While this is a daunting challenge, this problem of a far greater complexity has already been well addressed in a manufacturing environment. Data Historians from companies like Invensys Wonderware, G E Fanuc and Siemens Automation capture very large amounts of data at a milli-second frequency from manufacturing equipment on the plant floor and also enable data retrieval, analysis and exception based management. Companies like G E Healthcare and Siemens Medical Solutions can be anticipated to borrow these currently available technologies from their sister organizations to render them viable in a supply side EHR context. The challenge then for a demand side EHR solution like Microsoft’s Health Vault is to capture these data streams and appropriately store them for retrieval, analysis and exception management for the patient. This can potentially be accomplished thru the mobile PHR/EHR solution referred to above, with blue tooth, RFID or wireless telemetry capabilities. As well, ability to interact with this mobile PHR/EHR need to be built into the next generation of devices from companies like Life Scan, Medtronic, St. Jude Medical, Boston Scientific etc., as well as the next generation of home based monitoring devices like blood pressure monitors.
For instance, sugar levels in diabetic children being monitored by a Life Scan device could be transmitted to the PHR. Violation of physician prescribed threshold levels, could trigger alerts to parents and the physician, ensuring rapid intervention to preclude further exacerbation. A similar paradigm can be envisioned for middle aged and senior patients with wearable or implanted devices, triggering off compliance reminders or proactive intervention before a serious life impacting event takes place, that would serve to both enhance their span and quality of life as well as lower costs of treatment, by minimizing emergencies, as laid out in my previous blog-post (Can Life Sciences and Healthcare enable my evolution from “Passive Patient” to “Enlightened Prosumer”?)
As well, bidirectional propagation of data on unforeseen outcomes in patients, transmitted to Pharma or Medical Devices manufacturers in near time would alert them on the adverse event implications of their products and enable them to address this within their innovation life cycle, to minimize the unforeseen and undesirable patient and financial impact of their new products. This is distant reality but definitely within the realm of possibilities.
There are significant benefits that can be delivered to patients using an exception based management approach to personal healthcare as suggested above. These include a higher quality and span of life thru superior therapeutic outcomes delivered at a lower cost per patient.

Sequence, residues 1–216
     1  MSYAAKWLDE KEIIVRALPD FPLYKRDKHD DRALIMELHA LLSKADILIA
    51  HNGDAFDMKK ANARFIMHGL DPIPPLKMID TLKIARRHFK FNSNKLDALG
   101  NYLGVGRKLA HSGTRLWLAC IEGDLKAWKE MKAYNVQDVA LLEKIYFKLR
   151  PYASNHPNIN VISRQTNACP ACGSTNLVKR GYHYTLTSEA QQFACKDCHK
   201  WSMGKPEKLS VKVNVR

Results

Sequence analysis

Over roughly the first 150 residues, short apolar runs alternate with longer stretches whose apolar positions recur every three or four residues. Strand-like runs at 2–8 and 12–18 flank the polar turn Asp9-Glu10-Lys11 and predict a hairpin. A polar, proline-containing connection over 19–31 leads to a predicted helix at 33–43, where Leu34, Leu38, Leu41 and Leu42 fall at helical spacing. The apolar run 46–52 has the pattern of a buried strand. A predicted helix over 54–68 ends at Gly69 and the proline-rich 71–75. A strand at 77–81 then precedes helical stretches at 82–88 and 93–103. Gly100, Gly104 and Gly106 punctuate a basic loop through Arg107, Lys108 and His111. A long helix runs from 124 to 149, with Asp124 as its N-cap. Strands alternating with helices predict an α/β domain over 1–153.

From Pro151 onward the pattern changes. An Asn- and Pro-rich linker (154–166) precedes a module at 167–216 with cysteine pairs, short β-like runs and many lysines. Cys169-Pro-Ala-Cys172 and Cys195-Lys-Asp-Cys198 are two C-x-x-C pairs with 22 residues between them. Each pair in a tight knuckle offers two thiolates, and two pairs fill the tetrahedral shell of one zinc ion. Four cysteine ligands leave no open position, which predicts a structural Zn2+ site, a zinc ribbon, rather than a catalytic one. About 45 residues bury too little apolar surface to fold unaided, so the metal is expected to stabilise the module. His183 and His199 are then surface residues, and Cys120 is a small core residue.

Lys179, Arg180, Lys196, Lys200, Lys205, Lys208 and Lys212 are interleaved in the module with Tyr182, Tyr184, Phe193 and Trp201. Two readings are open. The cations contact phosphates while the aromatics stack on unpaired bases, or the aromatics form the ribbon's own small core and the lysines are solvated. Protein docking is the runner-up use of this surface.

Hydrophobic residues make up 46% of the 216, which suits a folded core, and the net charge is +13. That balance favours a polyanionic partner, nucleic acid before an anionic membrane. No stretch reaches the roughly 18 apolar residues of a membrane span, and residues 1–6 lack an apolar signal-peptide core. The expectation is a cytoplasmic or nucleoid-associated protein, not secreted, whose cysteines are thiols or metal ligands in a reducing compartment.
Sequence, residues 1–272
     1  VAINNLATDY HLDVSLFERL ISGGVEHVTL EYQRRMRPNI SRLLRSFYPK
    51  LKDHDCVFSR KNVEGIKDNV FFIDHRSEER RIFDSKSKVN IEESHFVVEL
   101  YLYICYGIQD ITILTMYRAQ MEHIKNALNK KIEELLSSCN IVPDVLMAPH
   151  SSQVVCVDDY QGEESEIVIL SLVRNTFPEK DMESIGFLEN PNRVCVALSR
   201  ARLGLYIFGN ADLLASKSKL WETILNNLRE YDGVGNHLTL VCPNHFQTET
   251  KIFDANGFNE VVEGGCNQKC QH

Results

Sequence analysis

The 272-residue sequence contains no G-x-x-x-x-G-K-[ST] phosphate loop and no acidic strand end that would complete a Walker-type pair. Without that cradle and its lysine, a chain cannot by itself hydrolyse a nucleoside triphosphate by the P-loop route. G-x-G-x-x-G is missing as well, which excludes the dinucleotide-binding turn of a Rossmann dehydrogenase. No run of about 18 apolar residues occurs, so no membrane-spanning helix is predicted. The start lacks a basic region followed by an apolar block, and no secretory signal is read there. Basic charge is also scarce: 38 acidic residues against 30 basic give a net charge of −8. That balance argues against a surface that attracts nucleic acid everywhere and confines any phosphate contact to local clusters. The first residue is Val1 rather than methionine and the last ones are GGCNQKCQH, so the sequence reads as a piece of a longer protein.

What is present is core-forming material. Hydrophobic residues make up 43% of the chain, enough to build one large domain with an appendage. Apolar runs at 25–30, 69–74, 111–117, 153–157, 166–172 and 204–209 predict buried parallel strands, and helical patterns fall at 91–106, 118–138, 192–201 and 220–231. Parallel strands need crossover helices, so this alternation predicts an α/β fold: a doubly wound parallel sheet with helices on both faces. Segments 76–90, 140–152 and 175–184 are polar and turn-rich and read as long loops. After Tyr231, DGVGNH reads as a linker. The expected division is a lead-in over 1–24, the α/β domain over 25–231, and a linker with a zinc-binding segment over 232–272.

4. The Personal Healthcare Expert System is perhaps the “Holy Grail of Personal Healthcare” that PHRs should aspire to evolve into. This would involve incorporation of state-of-the art heuristics, neural networks, learning agents, decision support and predictive analytics based technologies that would be integrated with the Personal Health Historians from the previous stage.
In this paradigm, healthcare data would not only be stored but also analyzed against patient history and benchmark data from similar patient populations. Learning agents would assimilate patient history, behavior and responses to previous treatment to prognosize potential events well before they happen. This would alert patients and point them for diagnostic check ups from qualified physicians, with data on allergies, adverse reactions to medication types etc. to ensure a superior therapeutic outcome pre-empting and precluding incidence of debilitating events like cardiac or diabetic attacks or strokes, the largest causes of deaths in North America today.
The impact of these personal healthcare systems would be significant in terms of significant life impacting events avoided for the most “at-risk” patient population as well as the huge reduction in treatment costs that would result from their adoption. As well, this would potentially free physicians from mundane checkups and free up time to devote to critical patients as well as keep up with the latest research to better equip them to deliver the best possible outcomes for their patients.
Significant benefits for patients and providers from deployment of such systems would include reduction of life threatening events (and risks thereof) and associated costs for patients especially, the “at-risk patient population”, as well as the Total Cost of Healthcare (TCH) per patient per treatment, which would significantly contribute to making healthcare more affordable in North America.
This is my humble attempt at visioning the product life cycle that demand-side EHRs or Personal Health Records (PHRs) can be anticipated to evolve thru, to enable widespread patient adoption and also meet the needs of the “enlightened prosumers” that “passive patients” are transforming into.
It will indeed be fascinating to observe and map the trajectory that Microsoft’s Health Vault Platform for PHRs and competing solutions move thru, to enable customer adoption, against this “outside-in blueprint” and more importantly, the impact of this adoption on quality and cost of patient treatment. As always, your comments, feedback and perspectives are welcome.